Gardner v. Sprint United Management Company

Filing 64

ORDER sustaining 62 Joint Motion for Approval of FLSA Settlement. The action is dismissed with prejudice with respect to plaintiff Brian T. Gardner and dismissed without prejudice to the claims of putative class members. Except as provided for in the settlement agreement between the parties, each party shall bear its own attorneys fees, costs and expenses. Signed by Chief Judge Kathryn H. Vratil on 7/2/2009. (ck)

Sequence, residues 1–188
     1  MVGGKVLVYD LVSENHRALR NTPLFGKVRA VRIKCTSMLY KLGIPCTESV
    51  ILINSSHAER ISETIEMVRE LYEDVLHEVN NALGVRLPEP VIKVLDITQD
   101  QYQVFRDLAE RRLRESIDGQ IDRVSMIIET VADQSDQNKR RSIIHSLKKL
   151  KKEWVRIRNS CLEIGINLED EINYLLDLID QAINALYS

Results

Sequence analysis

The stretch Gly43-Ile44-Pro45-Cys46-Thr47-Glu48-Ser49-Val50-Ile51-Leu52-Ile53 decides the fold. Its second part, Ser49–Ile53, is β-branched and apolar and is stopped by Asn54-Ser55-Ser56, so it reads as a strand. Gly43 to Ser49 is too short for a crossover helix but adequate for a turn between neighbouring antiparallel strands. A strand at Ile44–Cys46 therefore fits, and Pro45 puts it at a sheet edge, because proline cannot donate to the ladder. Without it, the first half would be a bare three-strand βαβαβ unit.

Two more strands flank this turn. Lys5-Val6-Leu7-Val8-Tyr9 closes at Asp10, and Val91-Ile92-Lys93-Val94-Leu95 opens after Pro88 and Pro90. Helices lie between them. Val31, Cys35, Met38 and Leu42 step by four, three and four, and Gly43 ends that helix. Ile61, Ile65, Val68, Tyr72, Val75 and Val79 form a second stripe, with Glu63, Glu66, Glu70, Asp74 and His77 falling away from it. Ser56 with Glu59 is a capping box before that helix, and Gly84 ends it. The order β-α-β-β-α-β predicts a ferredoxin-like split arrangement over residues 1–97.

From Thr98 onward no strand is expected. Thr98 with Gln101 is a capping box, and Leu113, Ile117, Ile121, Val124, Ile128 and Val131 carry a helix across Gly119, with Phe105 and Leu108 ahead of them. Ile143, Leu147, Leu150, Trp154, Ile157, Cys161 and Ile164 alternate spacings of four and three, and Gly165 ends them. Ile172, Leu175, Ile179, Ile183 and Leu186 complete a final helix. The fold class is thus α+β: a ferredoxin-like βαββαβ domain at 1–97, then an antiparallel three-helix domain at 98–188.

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IN THE UNITED STATES DISTRICT COURT FOR THE DISTRICT OF KANSAS BRIAN T. GARDNER, an individual on behalf of himself and others similarly situated, ) ) ) ) Plaintiffs, ) ) vs. ) ) SPRINT/UNITED MANAGEMENT ) CO., a Kansas corporation, and SPRINT ) NEXTEL CORPORATION, a Virginia ) Corporation, ) ) ) Defendants. ) ____________________________________) Case No. 08-2559 ORDER On November 24, 2008, the named parties in this putative collective action under the Fair Labor Standards Act ("FLSA"), 29 U.S.C. § 201 et seq., executed a settlement agreement which provided for a payment to only the named plaintiff. On January 15, 2009, the Court held a hearing on the Joint Motion For Approval Of FLSA Settlement (Doc. #49) filed December 20, 2008. The Court overruled the motion, and requested further information regarding (1) the reasonableness of the distribution of settlement proceeds, including the amount of attorneys' fees and (2) whether putative class members must receive notice of the settlement pursuant to Rule 23, Fed. R. Civ. P. This case comes before the Court on the parties' Joint Motion For Approval Of FLSA Settlement (Doc. #62) filed May 26, 2009. For reasons set forth below, the Court finds that the motion should be sustained. Procedural Background In August of 2007, plaintiff Brian Gardner contacted the law firm of Pearson, Simon, Warshaw & Penny, LLP ("PSWP") regarding a potential class action against his employer. Gardner asserted that Sprint was not paying its retail consultants earned commissions on a portion of their sales due to software and recording problems, and that it was not including earned commissions as a basis for the regular rate of pay in calculating overtime and related wage and hour claims arising from these two employment violations. PSWP prepared a class action complaint on behalf of Gardner and similarly situated retail consultants. On October 8, 2008, the District Court for the Central District of California granted Sprint's motion to transfer venue to this Court based on the forum selection clause in Gardner's commission agreement with Sprint. After the case was transferred to the District of Kansas, plaintiff's counsel learned of a class action currently pending in this Court, Sibley v. Sprint Nextel Corp., et al., No. 08­cv-2063 (D. Kan. 2008). Like Gardner, plaintiffs in Sibley claim that Sprint failed to pay commissions to its retail consultants in violation of its commission compensation program and the FLSA. On November 24, 2008, this Court certified Sibley as a class action. Because the class certification in Sibley precluded Gardner from litigating his case on a class-wide basis, Gardner and his counsel initiated individual settlement negotiations with Sprint. See Pouya Decl. ¶ 14. Gardner and Sprint reached an individual settlement agreement in which Sprint agreed to pay Gardner $3,000 in damages and pay counsel $14,500 in attorneys' fees. See id. Analysis When employees file suit against their employer to recover back wages under the FLSA, the parties must present any proposed settlement to the district court for review and a determination whether the settlement is fair and reasonable. 29 U.S.C. § 216(b); Lynn's Food -2- Stores, Inc. v. United States, 679 F.2d 1350, 1353 (11th Cir. 1982). In order to approve an FLSA settlement, the Court must find that the litigation involves a bona fide dispute and that the proposed settlement is fair and equitable to all parties concerned. Lynn's Food Stores, 679 F.2d at 1354. The district court may enter a stipulated judgment only after scrutinizing the settlement for fairness. Baker v. D.A.R.A. II., Inc., No. CV-06-2887-PHX-LOA, 2008 WL 4368913, at *2 (D. Ariz. Sept. 24, 2008). The FLSA also requires that a settlement agreement include an award of reasonable fees. Lee v. The Timberland Co., No. C 07-2367-JF, 2008 WL 2492295, at *2 (N.D. Cal. June 19, 2008) (citing 29 U.S.C. § 216(b), court shall allow reasonable attorneys' fee to be paid by defendant). Further, when a plaintiff has voluntarily assumed the fiduciary role of class representative, before the putative class claims may be dismissed, a court must determine "whether the settling plaintiff has used the class action claim for unfair personal aggrandizement in the settlement, with prejudice to absent putative class members." Shelton v. Pargo, Inc., 582 F.2d 1298, 1314 (4th Cir. 1978). I. Reasonableness Of Proposed Settlement Agreement A. Plaintiff's Recovery Under the proposed settlement, Gardner will receive $3,000.00. Based on Gardner's affidavit and other evidence, this amount slightly exceeds the amount of his lost wages. Thus, Gardner will recover the economic loss which he allegedly suffered as a result of unlawful actions by Sprint. The Court is satisfied that the settlement agreement represents a fair and equitable settlement of Gardner's bona fide dispute with his employer.1 The prohibition on waiver of FLSA claims except pursuant to a settlement supervised by the Secretary of Labor or an agreement that is judicially approved protects employees from inequality in bargaining powers. See Elliott v. Allstate Investigations, Inc., No. 07 Civ. 6078 (DLC), 2008 WL 728648, at *1 (S.D.N.Y. March 18, 2008). -3- 1 B. Attorneys' Fees The settlement agreement also provides $14,500.00 in attorneys' fees for plaintiff's counsel. The FLSA entitles a prevailing plaintiff to recover a reasonable attorneys' fee and costs. See, e.g., Gray v. Phillips Petroleum Co., 971 F.2d 591, 592-593 (10th Cir. 1992); 29 U.S.C. 216(b). Although the FLSA fee award is mandatory, the Court has discretion to determine the amount and reasonableness of the fee. Wright v. U-Let-Us Skycap Serv., Inc., 648 F.Supp. 1216, 1218 (D. Colo. 1986). The presumptively reasonable attorneys' fee is the product of reasonable hours times a reasonable rate, which yields a "lodestar" figure that is subject to adjustment. Jackson, 267 F. Supp.2d at 1063-64. Plaintiff bears the burden of documenting the appropriate hours expended and hourly rates. Id. (citing Case v. Unified Sch. Dist. No. 233, 157 F.3d 1243, 1249-50 (10th Cir. 1998)). At the hearing on January 15, 2009, the Court noted that the parties had produced no evidence that the proposed attorneys' fee is reasonable. Plaintiff has now provided detailed billing statements and affidavits which detail the work of plaintiff's counsel throughout this litigation. See Pouya Declaration (Doc. #59-2); PSWP Billing Statement (Doc. #59-3). Bobby Pouya, one of plaintiff's attorneys of record, states that "[t]o date, Gardner has incurred $162,802.00 in attorney's fees and $2,204.92 in costs during the course of this litigation." See Doc. #59-2 at 4. Pouya goes on to state that "[t]he work performed by PSWP was reasonable and necessary to advance the interests of Gardner and the putative class." Id. Indeed, the billing statements reflect that much of counsel's time was spent on matters related to litigating this case as a class action. The Court does not address whether $162,802.00 would constitute a reasonable fee for representing the putative class in this case. Plaintiff's counsel has acknowledged that the Sibley case precludes Gardner from continuing to pursue this case as a class action. The Court -4- has therefore reviewed the billing statement to determine which hours are reasonably attributable to Gardner's individual claim. 1. Reasonable Hours Bobby Pouya, an associate with the PSWP firm, performed most of the legal work on this case. Daniel Warshaw, a senior partner at the firm, also worked on the case. Based on the Court's review of the record, these two attorneys reasonably expended the following hours on plaintiff's claims: 16 hours ­ reviewing plaintiff's employment records and drafting the complaint; 10.8 hours ­ discovery; 7.1 hours ­ drafting and arguing notice of related case; 29.5 hours ­ briefing and arguing opposition to motion to dismiss; and 24 hours ­ settlement matters, including conferences with plaintiff, negotiations, drafting the settlement agreement, and drafting affidavits and briefs in support of the motion for approval of the settlement agreement. The Court finds that plaintiff's counsel reasonably expended at least 87.4 hours. 2. Reasonable Hourly Rate The billing statement indicates an hourly rate of $350.00 to 455.00 for Bobby Pouya and an hourly rate of $500.00 to $650.00 for Daniel Warshaw. Plaintiff's counsel provide no evidence of the hourly rates which they customarily charge or the hourly rates which they have obtained in other fee award cases. In a recent FLSA case where plaintiffs did not adequately support the requested hourly wage, the Court found that $168.58 was a reasonable hourly fee for attorneys who work on wage and hour cases. See, e.g., Wilhelm v. TLC Lawn Care Inc., 2009 WL 57133 (D. Kan. Jan. 8, 2009). Given this hourly rate, the lodestar would be $14,733.89. -5- 3. Adjustment of Lodestar Johnson v. Georgia Highway Exp. Inc., 488 F.2d 714 (5th Cir. 1974), identifies twelve factors which the Tenth Circuit uses to adjust the lodestar. See, e.g., In re Miniscribe Corp., 309 F.3d 1234, 1238 (10th Cir. 2002)). The Court finds that these factors do not support an upward or downward reduction. Based on the supporting affidavits and exhibits, the Court finds that $14,500 in attorneys' fees is reasonable. II. Dismissal of Class Claims As noted, when a plaintiff has voluntarily assumed the fiduciary role of a class representative, before the putative class claims may be dismissed, a court must determine whether the settling plaintiff has used the class action claim for unfair personal advantage, with prejudice to absent putative class members. Shelton, 582 F.2d at 1314. Where, as here, a dismissal is without prejudice to absent class members' pursuit of their own claims, there is little likelihood of prejudice to them in the absence of evidence that they have relied on the existence of the class action. Id. at 1315; See Elliott, 2008 WL 728648, at *2 (S.D.N.Y. March 18, 2008). The Court finds that dismissal of the putative class action claims is appropriate. As noted, Gardner's individual settlement was driven by the pendency of Sibley. Because Sibley contains identical claims that Sprint failed to pay commissions to its retail consultants in violation of its commissions compensation program, it effectively preempts Gardner's class claims. The certification of Sibley ensures that class members' rights will be safeguarded by a class action litigation.2 Further, the certification in Sibley demonstrates that the individual settlement here was not the product of collusion, but was necessitated by the preemptive effect Providing notice to class members of the individual settlement in this case and the certification of Sibley could confuse class members. -6- 2 of Sibley on the class claims. This settlement does not provide a windfall to Gardner ­ who is being paid his claim for lost wages; to Gardner's attorneys ­ who are recovering a fraction of hours they spent in seeking to bring a class action; or to Sprint ­ which is still exposed to class liability in Sibley. Because the Court dismisses the class members' claims without prejudice, they are free to bring their own claims against defendant. Finally, while this settlement gives Gardner assets which will not be available for disbursement among class members, he is not receiving an amount which suggests that other potential class members will be unable to recover amounts to which they may be entitled under the FLSA. For these reasons, these claims may be dismissed without reaching the question of class certification and without providing notice to the class. IT IS THEREFORE ORDERED that the Joint Motion for Approval of FLSA Settlement (Doc. #62) filed May 26, 2009 be and hereby is SUSTAINED. The action is DISMISSED WITH PREJUDICE with respect to plaintiff Brian T. Gardner and DISMISSED WITHOUT PREJUDICE to the claims of putative class members. Except as provided for in the settlement agreement between the parties, each party shall bear its own attorneys' fees, costs and expenses. Dated this 2nd of July, 2009 at Kansas City, Kansas. s/ Kathryn H. Vratil Kathryn H. Vratil United States District Court -7-